What makes the Fire Emblem Engage experience unique is how you connect with a special unit, and try everything in your power to keep them alive. Losing a character you warmed up to can sting a little too hard, especially knowing that in classic mode, dying means permanently losing a unit.
The design of a character is often visual shorthand that sets your expectation for their personality and story. Gameplay-wise, their physical features showcase their strengths, letting them find their niche in your battalion. Fire Emblem Engage mostly uses common anime design tropes that we've all seen before, but there are a few characters in the game that can surprise you with their depth.
It's critical to design a character that becomes instantly recognizable from the entire ensemble. In a cast full of big and bold creative decisions, going the simple route proves to be the most effective. This is where Jean shines with his short shorts, backpack with a potion on the side, modest stature, and glasses on the top of his cap for some reason.
When placed alongside the colorful cast of Fire Emblem Engage, your eyes might immediately arrive at this aspiring doctor because of how he exudes curiosity and the thirst to grow stronger. He can easily be set apart from the group, not because of his adorable accent, but because he's comfortable without all the random assortment of belts and balloons.
While his self-deprecating outlook would steer you towards his more appealing brother, Alcryst’s design cannot just be overlooked. He is the epitome of incorporating dual colors to represent his conflicting idea, and that's coming from the same game where they did the same on-your-nose symbolism for the main character.
Alcryst’s color palette speaks for his predisposition. It eclipses the monotone motif of his brother. The blue that flows through his hair and the ombre into his cape is a cool rush of a somber aura, reflective of his timid nature. Albeit a cool color is dominant in his design, you can say he’s one you’ll quickly warm up to and empathize with.
True to his quick and deft movements is this dashing character, Kagetsu, who expresses both masculine and feminine energy in overflowing confidence. On the get-go, you would pick up some finesse, as sharp as the lines cut through his look with trims and ropes, while at the same time a laxness, as the bag of his pants and the flow of his neat bun.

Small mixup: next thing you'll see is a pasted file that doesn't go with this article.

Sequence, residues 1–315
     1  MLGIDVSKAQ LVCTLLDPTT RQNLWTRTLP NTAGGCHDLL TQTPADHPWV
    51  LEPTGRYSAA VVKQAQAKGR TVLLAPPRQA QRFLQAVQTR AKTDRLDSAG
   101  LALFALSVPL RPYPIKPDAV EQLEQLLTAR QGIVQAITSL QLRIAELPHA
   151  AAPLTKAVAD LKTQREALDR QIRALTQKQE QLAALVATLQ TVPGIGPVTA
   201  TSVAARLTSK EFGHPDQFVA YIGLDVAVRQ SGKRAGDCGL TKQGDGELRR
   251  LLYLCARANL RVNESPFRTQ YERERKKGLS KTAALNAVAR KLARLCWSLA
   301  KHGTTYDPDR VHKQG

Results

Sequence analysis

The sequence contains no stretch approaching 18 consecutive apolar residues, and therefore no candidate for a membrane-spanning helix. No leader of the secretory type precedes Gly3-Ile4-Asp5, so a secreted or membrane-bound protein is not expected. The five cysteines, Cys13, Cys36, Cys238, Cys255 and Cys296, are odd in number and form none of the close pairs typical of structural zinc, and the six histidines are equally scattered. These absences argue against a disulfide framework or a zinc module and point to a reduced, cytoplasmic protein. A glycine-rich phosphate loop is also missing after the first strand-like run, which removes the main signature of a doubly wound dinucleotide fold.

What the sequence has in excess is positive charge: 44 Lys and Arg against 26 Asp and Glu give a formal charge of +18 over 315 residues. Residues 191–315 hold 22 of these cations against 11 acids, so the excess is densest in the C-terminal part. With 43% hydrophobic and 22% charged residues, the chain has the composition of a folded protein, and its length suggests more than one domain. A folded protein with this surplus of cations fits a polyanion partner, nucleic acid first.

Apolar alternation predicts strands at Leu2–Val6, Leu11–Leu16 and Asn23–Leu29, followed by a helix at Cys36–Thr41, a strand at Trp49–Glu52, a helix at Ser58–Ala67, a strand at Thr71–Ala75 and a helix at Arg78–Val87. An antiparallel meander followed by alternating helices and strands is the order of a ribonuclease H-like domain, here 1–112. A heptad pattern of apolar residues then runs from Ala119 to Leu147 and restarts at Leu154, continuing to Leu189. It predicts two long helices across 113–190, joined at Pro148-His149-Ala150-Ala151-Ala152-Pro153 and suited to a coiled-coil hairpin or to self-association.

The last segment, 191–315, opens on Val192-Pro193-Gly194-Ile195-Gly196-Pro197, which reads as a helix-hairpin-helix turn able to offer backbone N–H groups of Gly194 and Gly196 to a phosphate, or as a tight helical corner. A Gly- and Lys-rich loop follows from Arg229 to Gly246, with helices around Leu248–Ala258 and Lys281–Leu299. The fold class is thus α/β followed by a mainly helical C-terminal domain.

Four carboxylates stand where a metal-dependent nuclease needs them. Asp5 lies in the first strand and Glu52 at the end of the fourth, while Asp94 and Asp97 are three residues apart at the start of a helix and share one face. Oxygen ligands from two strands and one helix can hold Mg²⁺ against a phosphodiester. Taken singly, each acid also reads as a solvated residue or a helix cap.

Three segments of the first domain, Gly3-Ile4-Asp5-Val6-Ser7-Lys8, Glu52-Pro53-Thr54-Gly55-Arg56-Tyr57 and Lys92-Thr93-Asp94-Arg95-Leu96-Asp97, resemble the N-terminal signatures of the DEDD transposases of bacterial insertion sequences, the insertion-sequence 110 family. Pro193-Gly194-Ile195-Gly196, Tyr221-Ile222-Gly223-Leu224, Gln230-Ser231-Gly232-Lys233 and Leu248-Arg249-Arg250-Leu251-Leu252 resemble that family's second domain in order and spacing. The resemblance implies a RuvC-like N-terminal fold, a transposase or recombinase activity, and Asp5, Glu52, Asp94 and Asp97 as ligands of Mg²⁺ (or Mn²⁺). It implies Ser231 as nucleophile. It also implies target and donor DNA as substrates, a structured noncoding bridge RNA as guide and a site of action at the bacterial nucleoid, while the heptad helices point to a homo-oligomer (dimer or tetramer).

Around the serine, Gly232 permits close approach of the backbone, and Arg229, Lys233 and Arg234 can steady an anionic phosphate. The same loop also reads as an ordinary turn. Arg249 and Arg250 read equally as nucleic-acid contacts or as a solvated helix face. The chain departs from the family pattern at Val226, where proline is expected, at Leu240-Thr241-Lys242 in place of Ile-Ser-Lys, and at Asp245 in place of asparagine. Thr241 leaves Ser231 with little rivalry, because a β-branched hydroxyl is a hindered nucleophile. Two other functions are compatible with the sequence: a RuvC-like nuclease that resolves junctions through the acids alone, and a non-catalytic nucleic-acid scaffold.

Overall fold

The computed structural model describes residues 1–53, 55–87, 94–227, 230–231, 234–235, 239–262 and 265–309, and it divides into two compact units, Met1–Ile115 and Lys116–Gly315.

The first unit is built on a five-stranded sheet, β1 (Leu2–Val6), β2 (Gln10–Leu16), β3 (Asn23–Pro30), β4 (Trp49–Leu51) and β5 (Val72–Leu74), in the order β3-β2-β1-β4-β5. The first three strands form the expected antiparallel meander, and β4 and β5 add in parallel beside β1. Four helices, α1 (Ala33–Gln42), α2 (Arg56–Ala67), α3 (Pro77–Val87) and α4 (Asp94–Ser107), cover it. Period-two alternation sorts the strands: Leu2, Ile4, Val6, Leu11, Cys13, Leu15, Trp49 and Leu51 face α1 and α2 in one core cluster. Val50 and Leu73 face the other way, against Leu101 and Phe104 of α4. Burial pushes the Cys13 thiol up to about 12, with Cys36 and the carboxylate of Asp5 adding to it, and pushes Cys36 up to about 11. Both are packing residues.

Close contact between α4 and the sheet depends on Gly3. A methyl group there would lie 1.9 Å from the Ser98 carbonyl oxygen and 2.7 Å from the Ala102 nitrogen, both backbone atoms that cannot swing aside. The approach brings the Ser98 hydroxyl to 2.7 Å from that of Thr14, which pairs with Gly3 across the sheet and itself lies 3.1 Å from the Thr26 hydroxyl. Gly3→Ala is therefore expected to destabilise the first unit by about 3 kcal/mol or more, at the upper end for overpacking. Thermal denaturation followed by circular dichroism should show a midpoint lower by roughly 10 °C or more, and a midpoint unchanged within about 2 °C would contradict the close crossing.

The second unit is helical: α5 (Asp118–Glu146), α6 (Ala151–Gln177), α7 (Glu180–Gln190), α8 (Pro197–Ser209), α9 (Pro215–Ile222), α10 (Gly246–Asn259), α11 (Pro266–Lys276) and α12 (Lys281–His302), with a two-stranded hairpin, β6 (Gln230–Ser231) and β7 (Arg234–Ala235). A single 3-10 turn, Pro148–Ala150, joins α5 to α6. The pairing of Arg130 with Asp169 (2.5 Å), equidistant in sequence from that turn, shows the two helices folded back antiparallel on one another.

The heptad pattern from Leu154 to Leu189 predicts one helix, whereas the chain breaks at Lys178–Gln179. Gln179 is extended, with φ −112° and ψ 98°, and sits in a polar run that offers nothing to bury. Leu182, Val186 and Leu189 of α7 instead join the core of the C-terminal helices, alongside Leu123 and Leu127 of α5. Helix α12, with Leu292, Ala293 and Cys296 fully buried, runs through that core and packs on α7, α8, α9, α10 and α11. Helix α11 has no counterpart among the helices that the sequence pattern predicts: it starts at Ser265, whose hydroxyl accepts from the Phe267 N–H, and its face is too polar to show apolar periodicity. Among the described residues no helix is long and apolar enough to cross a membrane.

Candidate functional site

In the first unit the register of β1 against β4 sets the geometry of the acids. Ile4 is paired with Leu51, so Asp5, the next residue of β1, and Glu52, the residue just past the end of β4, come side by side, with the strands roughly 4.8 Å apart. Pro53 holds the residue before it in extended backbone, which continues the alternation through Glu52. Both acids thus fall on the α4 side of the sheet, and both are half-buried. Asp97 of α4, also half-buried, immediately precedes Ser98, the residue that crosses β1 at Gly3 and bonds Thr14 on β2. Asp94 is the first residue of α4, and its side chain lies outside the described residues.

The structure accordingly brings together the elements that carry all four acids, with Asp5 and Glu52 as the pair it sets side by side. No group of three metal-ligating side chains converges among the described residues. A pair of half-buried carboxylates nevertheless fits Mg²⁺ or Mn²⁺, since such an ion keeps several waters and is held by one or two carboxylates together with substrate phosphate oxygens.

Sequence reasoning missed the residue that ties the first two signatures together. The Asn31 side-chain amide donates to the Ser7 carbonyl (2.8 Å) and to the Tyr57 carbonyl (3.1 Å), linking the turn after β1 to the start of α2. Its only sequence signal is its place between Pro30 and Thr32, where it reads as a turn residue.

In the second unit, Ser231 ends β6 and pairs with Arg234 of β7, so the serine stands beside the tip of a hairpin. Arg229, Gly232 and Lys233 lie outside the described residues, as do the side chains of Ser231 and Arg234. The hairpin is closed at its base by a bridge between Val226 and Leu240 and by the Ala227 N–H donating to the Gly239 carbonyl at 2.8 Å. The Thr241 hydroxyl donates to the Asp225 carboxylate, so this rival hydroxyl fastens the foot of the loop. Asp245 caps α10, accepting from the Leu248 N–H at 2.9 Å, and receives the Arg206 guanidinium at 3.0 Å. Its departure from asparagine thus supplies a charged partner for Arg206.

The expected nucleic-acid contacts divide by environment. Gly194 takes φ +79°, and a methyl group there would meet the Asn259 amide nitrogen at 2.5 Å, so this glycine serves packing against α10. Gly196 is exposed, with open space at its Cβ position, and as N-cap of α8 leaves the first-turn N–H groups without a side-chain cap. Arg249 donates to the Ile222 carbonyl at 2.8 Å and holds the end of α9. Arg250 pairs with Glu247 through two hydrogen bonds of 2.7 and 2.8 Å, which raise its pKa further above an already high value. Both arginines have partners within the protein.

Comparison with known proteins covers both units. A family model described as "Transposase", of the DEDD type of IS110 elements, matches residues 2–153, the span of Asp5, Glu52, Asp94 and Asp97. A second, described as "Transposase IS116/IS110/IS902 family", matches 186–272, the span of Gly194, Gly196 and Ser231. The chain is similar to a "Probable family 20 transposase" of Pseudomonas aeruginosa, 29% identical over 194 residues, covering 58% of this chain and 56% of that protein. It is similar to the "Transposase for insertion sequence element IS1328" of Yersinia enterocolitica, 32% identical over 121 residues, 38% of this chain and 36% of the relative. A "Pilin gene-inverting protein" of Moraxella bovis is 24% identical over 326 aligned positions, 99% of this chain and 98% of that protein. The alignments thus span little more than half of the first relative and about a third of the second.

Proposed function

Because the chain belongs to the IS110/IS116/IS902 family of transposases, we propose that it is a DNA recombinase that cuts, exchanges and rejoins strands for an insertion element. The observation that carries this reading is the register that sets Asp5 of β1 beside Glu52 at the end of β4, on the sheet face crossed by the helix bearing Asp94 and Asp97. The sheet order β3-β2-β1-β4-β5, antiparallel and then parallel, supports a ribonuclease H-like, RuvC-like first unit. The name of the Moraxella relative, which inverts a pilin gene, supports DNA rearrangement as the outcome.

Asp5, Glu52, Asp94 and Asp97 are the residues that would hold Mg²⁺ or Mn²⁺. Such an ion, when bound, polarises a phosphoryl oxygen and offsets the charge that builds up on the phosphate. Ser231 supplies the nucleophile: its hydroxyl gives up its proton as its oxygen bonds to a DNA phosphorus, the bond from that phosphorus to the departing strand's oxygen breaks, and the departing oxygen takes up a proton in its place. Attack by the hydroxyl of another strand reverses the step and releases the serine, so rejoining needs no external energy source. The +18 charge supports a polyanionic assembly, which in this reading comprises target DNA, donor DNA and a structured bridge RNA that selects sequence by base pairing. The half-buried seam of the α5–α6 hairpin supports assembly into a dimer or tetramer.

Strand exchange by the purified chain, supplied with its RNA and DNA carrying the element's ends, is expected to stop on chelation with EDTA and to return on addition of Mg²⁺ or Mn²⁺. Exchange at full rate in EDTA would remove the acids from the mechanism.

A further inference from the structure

Kagetsu’s design is clean and precise, with a silhouette different from the other characters, which is signified by his unique origin. Faithful to the moonflower, the etymology of his name, he is an elegant sight for the eyes.
The very first male exclusively assigned as a dancer class did not disappoint in Seadall. His long, flowing, ebony hair, almost covering his sleepy eyes, carries off a wave of a mysterious aura. He may be the most popular dancer of Solm, but his appearance says not all about him is known.
He still has the traditional flowy costume of a dancer class, but what makes his getup uncommon is the peculiar patterns that run across the clothing that sways with his movements. Along with the abundance of golden jewelry, it can be said that he foresees the future.
If one doesn’t have any context as to Fire Emblem Engage and its plot in general, you would immediately think that Lapis is the main character in the game. Her design is sleek and tempered, and situates perfectly in the twilight between an overdesigned character and an underwhelming one.
Lapis’ design communicates a strong silhouette. She combines both circular and triangular silhouettes that convey she is both a reliable unit and a skilled fighter — honest to her character as the Brodia’s second prince’s retainer, and as one who takes on the frontlines of the battlefield as a bulwark to defend her ranged allies at the back.
Fire Emblem always has that one character who’s devoted their entire personality to all things cute and pretty, and usually, it is bad because it gets one-dimensional at some point. Rosado is the exception to that rule. While he appears to be feminine-looking, Rosado actually goes by he/him pronouns, and this is where it gets interesting, because Rosado believes in beauty that transcends differences.
This noble idealism translates very well into Rosado’s design. The metallic texture of his armor complements his soft pastel hair; the parallel vertical lines are cut off by horizontal straps, and the neon colors are accented with darks. He finds harmony in both symmetry and contrast, with a simple silhouette topped off with cat-ear-like coifed hair.
Mauvier’s introduction in the game may have come off as intimidating as he belongs with the Four Hounds. As part of the villain squad, Mauvier seems to possess kind eyes that would make you doubt if he really has evil intent like those associated with him.
This seed of doubt may be brought upon by how his design communicates that he is not evil at all. His silhouette portrays an almost too circular shape which makes you think that he might not be as dangerous as he seems.
If it hasn’t been too obvious, Fire Emblem Engage’s cast is bursting with colors and bold details. Veyle takes it back by being the only unit that holds back on the color palette, sporting black and white and only hints of pale blue and red. If you remove all of her details and show only her color scheme, you will still immediately know it’s Veyle.
She finds balance in two opposing shades and colors and blends them together in her purple eyes. Her perfect symmetry touches on both sides of the scale, hinting at how she treads with her chained feet on both sides of the story.
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